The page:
Often called “America’s Hometown”–
although hardly located within a viticultural region of wide renown –
Plymouth has a relatively rich vinous history.
The town, whose eurocentric past augmented
by checkered relations with preceding inhabitants,
is approaching 4OO years of age.
by Harvey Finkel
BACKGROUNDS give perspective and direction, so revisiting how we got where we are can be instructive and helpful. First on the wine scene was David Tower’s Commonwealth Winery in Cordage Park, 1978 to1988, an artistic, technical, and gustatory success, but a financial failure. Tower contributed to fermentation technology, and helped the passage of the Massachusetts Farm Winery Act, but had to close the winery in the face of financial pressures during the Reagan haze. He believed undercapitalization was an important factor. Tower went on to teach at a high school and consult for wineries. He used to attend my wine tastings, but I have lost contact with him of late.
The Plymouth Colony Winery, set among cranberry bogs, was opened by the family of A. Charles Caranci in 1982 as Narragansett-Hillview Winery. (Narragansett Hill was behind the winery.) José Moniz, the first winemaker, was not successful, and was succeeded by Jeffrey Pontz. I was told recently by Charles Caranci, son of the founder, that the winery achieved success only when John LeBeck took over direction. LeBeck was instrumental in disabusing the Carancis of growing grapes in the unsuitable terroir, especially when good-quality fruit could be purchased, in beginning to use the surrounding cranberries for some of the wines, and in changing the name of the winery to “Plymouth Colony.” When LeBeck left in 1992, Charles Caranci replaced him as winemaker, continuing a successful run until Plymouth Colony closed in 2O11, in deference to the proprietors’ other business interests.
Tim Cherry, employed by the Carancis in another business, suggested that he and LeBeck strike out on their own; in 1992 they opened Plymouth Bay Winery at 17O Water Street in the Village Landing Marketplace. Their ideas widely diverged, so that, in 1998, they split. Cherry, unable to come to terms with his landlord, took the name and equipment down Water Street to its current site overlooking Plymouth Bay.
I never visited Plymouth Bay under Cherry’s aegis. He declined, conveying through an employee that, ”all wine writers are alike,” although we had never met. He recently courteously declined through an intermediary to answer even a couple of questions for this article. The winery, still at 114 Water Street, was purchased in 2O11 by Michael and Pamela Carr. Although a vinous novice, Mike quickly caught on, and is making tasty off-dry wines. Tim Cherry consults when needed.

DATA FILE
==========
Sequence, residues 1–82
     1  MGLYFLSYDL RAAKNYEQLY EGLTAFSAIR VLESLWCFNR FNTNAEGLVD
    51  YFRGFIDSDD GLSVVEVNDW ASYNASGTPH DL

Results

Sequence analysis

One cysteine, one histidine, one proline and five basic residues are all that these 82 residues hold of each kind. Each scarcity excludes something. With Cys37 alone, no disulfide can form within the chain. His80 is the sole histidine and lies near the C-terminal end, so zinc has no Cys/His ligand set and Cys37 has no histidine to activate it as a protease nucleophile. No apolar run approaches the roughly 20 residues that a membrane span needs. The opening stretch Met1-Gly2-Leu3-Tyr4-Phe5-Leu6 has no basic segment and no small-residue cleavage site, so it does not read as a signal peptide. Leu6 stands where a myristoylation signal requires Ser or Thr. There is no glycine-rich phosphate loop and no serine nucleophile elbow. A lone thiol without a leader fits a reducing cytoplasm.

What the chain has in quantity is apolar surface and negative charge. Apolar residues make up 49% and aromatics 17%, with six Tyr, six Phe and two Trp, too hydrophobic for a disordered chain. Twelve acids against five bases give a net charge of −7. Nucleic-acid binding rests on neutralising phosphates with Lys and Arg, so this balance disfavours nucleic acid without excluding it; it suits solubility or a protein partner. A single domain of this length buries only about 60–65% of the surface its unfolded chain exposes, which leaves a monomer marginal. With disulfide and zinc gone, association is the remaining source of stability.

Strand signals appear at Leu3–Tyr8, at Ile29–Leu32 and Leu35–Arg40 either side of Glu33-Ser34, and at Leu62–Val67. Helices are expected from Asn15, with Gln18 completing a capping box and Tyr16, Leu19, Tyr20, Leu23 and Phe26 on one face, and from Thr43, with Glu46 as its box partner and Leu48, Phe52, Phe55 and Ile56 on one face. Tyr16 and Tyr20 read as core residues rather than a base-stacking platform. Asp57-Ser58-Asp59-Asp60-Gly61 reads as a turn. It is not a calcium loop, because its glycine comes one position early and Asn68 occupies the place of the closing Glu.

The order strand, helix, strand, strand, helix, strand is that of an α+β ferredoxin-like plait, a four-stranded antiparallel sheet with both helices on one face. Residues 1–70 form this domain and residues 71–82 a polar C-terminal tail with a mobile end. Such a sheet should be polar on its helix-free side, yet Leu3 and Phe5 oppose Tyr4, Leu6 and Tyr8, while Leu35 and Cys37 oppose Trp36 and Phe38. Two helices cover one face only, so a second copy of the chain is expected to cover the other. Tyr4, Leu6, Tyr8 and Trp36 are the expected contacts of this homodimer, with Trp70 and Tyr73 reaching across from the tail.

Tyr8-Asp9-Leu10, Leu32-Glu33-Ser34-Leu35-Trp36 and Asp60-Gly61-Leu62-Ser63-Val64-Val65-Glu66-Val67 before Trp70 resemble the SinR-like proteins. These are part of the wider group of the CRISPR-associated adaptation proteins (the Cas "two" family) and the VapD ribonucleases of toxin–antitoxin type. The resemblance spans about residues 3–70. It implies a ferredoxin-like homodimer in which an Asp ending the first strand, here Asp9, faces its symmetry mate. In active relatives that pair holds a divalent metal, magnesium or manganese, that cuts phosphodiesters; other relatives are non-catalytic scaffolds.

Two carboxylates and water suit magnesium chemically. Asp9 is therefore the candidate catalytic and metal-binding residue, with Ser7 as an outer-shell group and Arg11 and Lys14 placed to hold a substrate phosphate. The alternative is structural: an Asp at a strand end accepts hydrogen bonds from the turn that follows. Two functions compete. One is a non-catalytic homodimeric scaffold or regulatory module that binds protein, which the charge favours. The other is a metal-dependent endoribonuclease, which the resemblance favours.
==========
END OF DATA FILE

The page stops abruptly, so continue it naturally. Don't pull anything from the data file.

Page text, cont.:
LeBeck left the Plymouth wine scene in 1998, but returned in 1999 to open Plymouth Winery at the original Village Landing site. Plymouth Winery was purchased in 2OO5 by Linda Shumway, who had been apprenticed to LeBeck. (He and his wife, Yvonne Warren, own and make wine at Crooked Lake Winery on Lake Keuka in the Finger Lakes.) Shumway operated successfully until retiring in early January 2O16, selling to Robert and Raquel Mullaney.
Despite the Irish name, Mullaney carries on the home winemaking tradition of his Sicilian grandfather. He changed the name to 162O Winery and the format to winery during the day, wine bar with music after 5 o’clock. After closing for extensive renovations, 162O opened Memorial Day weekend. Like its predecessors and contemporary, 162O grows no grapes, but purchases fruit or juice from selected vineyards in New England, the Finger Lakes, and some from California. [The Southeastern New England AVA is close at hand should there be a change in direction.] Marco Montez consults on winemaking; Linda Shumway consults on fruit-wine production. One can taste not only Mullaney’s wines, but in addition a wide swath of New England’s. The Mullaneys have in a sense closed a circle: they are moving production to Cordage Park, where it all began in Plymouth nearly 4O years ago. A tasting room and function rooms will adjoin the new winery. The tasting room and wine bar will remain at the Village Landing Marketplace.
Both existing wineries’ tasting/sales rooms are conveniently located on Plymouth’s busy and attractive downtown waterfront. Further information is available in their respective websites – plymouthbaywinery.com and 162Owinery.com.